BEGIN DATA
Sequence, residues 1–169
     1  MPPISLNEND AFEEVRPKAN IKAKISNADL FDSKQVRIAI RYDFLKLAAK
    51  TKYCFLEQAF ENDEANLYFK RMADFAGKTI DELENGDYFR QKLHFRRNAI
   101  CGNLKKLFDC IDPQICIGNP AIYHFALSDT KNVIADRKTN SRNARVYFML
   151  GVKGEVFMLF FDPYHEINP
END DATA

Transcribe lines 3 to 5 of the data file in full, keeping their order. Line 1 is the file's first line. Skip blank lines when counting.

    51  TKYCFLEQAF ENDEANLYFK RMADFAGKTI DELENGDYFR QKLHFRRNAI
   101  CGNLKKLFDC IDPQICIGNP AIYHFALSDT KNVIADRKTN SRNARVYFML
   151  GVKGEVFMLF FDPYHEINP